Monitoring the computer vision model in production helps the team maintain and enhance its performance, verifying that it behaves as expected. The deployed model will continue interacting with different real-world scenarios, meaning that the data it processes will constantly change.

Performance monitoring helps teams identify model degradation quickly, allowing them to fix and improve the algorithm. Performance metrics vary by model and training job. For example, an image classification task can use a confusion matrix to identify true positives, true negatives, false positives, and false negatives. The AUC ROC curve will typically be used to estimate if a prediction falls into one of these four categories.

In addition to observing performance metrics under real-world conditions, data science teams can examine the visual inputs to gain deeper insight into the cause of performance degradation.

Measuring model drift is also an important part of monitoring. It involves tracking the changes in the distribution of the model’s inputs and outputs to assess their divergence over time. It is important to check the model for data drift to determine if it is outdated or if there is a problem with the data quality. Using computer vision monitoring to detect drift can help the team better understand how to address these issues.

4. Fine Tuning Model Data and Parameters

Even when the model is already running in production and is regularly monitored, it is important to keep improving it in ongoing iterations. The data collected from the real world can also change in unexpected ways. These factors can inform new requirements when deploying a computer vision model to another system or endpoint.

The completion of the training process is just the beginning of the next iteration. This stage is where the team should decide the following:

  • New requirements for future use cases.
  • How to train the model further to include additional features.
  • How to improve the model’s performance, accuracy, and functionality.
  • Operational requirements for other deployments.
  • How to address model drift and data drift.

This stage involves reflecting on what works in the model or needs improvement. The surest way to successfully build a computer vision model is to identify elements to improve and address changing business needs on an ongoing basis.

Common Pitfalls When Building a Computer Vision Model

Watch out for these mistakes to ensure an effective computer vision model.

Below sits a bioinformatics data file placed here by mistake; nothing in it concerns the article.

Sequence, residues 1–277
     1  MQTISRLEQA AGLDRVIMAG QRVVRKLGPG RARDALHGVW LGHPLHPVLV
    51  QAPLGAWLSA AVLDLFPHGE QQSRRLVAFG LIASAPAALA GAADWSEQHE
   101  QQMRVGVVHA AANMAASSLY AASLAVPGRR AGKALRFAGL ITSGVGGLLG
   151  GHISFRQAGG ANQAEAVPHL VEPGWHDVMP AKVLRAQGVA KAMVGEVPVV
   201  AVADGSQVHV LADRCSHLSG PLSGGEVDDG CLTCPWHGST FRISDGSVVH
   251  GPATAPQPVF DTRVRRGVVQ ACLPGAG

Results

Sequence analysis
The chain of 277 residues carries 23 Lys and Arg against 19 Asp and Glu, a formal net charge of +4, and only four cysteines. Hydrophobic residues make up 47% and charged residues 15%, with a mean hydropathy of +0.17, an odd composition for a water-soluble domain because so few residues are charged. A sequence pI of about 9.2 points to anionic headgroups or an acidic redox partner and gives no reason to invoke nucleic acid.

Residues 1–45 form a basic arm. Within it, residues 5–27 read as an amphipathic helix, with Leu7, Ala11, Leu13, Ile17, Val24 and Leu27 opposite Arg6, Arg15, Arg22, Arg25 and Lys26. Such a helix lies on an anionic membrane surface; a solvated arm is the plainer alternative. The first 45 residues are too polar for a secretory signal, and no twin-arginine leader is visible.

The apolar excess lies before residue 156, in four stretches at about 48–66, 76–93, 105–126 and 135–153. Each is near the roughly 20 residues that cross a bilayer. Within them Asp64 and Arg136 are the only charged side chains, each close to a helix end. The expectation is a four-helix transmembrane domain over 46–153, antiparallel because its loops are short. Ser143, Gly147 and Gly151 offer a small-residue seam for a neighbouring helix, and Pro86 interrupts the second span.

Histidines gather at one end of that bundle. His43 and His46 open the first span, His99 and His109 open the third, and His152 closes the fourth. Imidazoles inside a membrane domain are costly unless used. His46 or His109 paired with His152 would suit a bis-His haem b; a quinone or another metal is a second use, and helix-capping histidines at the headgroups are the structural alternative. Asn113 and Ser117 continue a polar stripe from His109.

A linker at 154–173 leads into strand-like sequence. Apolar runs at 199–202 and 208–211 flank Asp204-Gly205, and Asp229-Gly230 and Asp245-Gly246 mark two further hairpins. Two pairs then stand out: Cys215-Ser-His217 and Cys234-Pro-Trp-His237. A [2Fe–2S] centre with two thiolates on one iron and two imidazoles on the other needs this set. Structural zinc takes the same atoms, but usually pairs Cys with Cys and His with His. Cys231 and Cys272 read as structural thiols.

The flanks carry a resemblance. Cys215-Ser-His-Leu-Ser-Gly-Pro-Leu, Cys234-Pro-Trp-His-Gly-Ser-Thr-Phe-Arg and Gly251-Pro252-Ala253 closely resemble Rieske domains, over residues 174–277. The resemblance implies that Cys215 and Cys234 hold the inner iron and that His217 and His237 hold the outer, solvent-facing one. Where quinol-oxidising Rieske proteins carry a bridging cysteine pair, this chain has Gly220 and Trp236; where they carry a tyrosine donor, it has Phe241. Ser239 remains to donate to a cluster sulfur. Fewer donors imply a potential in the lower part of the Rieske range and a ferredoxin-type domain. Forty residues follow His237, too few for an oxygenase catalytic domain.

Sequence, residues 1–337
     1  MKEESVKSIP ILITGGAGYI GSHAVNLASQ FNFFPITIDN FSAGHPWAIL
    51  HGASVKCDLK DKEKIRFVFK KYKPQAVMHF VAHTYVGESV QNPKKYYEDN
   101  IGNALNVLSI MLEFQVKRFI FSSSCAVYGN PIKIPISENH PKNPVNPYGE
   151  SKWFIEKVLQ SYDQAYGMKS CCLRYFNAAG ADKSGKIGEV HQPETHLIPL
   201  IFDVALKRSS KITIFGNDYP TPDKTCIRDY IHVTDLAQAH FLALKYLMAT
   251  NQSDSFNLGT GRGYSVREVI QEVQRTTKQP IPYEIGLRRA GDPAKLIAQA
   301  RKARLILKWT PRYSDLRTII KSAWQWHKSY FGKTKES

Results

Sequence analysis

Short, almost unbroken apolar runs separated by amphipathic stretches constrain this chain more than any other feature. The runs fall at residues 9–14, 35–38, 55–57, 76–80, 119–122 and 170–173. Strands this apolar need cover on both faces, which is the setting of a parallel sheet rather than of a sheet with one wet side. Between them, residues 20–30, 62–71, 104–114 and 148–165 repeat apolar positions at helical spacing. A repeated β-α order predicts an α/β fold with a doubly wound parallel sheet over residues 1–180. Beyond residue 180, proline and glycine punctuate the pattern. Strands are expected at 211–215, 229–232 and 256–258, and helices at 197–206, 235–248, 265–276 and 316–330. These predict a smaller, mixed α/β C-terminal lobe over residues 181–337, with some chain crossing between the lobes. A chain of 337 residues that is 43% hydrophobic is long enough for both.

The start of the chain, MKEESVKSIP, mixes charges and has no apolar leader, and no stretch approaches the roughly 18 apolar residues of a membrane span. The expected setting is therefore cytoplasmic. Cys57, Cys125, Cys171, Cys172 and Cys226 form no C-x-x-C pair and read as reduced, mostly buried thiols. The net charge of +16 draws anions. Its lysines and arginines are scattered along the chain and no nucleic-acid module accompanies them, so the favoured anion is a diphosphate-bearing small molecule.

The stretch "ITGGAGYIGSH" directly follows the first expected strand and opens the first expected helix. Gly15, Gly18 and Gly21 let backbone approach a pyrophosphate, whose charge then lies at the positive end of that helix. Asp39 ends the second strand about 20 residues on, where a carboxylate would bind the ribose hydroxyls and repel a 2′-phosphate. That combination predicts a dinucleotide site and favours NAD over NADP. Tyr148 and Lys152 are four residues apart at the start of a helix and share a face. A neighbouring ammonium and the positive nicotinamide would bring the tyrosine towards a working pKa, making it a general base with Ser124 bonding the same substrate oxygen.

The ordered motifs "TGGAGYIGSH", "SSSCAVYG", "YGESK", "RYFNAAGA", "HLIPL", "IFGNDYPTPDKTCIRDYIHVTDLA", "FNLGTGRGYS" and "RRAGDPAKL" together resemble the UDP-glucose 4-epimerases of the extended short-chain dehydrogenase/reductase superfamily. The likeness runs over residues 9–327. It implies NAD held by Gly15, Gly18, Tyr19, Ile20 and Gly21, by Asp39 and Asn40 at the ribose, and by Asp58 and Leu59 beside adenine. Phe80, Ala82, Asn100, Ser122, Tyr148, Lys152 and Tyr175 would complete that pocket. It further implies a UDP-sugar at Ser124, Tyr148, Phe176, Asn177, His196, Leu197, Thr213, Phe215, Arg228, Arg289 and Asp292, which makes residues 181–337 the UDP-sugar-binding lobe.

Failure to Detect Open or Closed Contours

Computer vision models should be able to identify open and closed contours in an image. While humans can naturally recognize these shapes, machines don’t have this innate ability, so developers must train the deep learning model to identify if a shape is closed or open under various conditions.

Training a computer vision model to understand contours requires effort and expertise to build training data sets and fix complex image processing issues. An alternative is to use an existing trained neural network that easily recognizes curved and straight lines (e.g., Microsoft’s (News - Alert) computer vision model).

Biased Training Data

Ideally, the dataset trains the machine learning model and enables it to perform well after deployment. The right data ensures the model can make accurate predictions regardless of changing conditions.

However, datasets are often unbalanced, containing over- or under-represented examples. In such cases, the resulting computer vision model might lack the realistic context required to perform properly in production. The predictions will be less accurate.

There are several potential sources of database bias when building a computer vision project:

  • Selection bias - arises when the computer vision model trains on a skewed representation of possible scenarios, not covering the likely conditions in production.
  • Confirmation bias - arises when the team collecting the data reinforces its members’ assumptions about real-world distributions, causing the model to perform poorly.
  • Measurement bias - arises when the methods used to collect training data differ from how the team or application collects production data for prediction.

Detecting bias and identifying its source are crucial steps in minimizing and mitigating biased datasets. One useful technique is a data slicing evaluation, which helps the team understand how the model performs differently based on different dataset versions.

Slicing or subsetting a dataset allows the team to study the model’s behavior with each subset or slice. It makes it easy to identify groups with different sliced metrics from the overall dataset.

Unsuitable Transfer Learning Techniques

Another often overlooked aspect of computer vision model development is the choice of transfer learning technique. The two main techniques for adapting a pre-trained model to predict new tasks with minimal data are:

  • Transfer learning with feature extraction
  • Transfer learning with fine-tuning

Often, practitioners may prefer feature extraction over fine-tuning. However, the transfer learning method should depend on the problem the computer vision project aims to solve. In some cases, fine-tuning the model’s final layers will produce a better-performing model.

When unsure which technique is best suited to the specific task, computer vision practitioners should err on the side of fine-tuning, especially when training the model on small image datasets.


In this article, I explained the four basic steps of deploying computer vision models to production:

  • Identifying, collecting, and preparing data—involves building a high quality data set that will allow the model to effectively train.
  • Running inference—setting up the model to receive inputs and generate predictions, either in real-time or batch mode.
  • Monitoring production models—defining operating metrics and reviewing them to identify model failure and drift.
  • Fine tuning model data and parameters—based on the model’s real-world performance, iteratively improving it by updating datasets, model parameters, and model architecture.

I hope this will be useful as you move your models from the lab to a production environment.